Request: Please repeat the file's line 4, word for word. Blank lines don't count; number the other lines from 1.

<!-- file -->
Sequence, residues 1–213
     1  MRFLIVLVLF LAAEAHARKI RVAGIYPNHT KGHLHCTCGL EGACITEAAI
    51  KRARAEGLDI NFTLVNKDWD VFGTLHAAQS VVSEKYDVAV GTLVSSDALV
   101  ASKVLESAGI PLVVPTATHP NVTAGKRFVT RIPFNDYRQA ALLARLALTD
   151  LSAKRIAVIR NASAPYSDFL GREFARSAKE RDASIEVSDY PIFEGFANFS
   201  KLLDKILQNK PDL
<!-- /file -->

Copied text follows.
   101  ASKVLESAGI PLVVPTATHP NVTAGKRFVT RIPFNDYRQA ALLARLALTD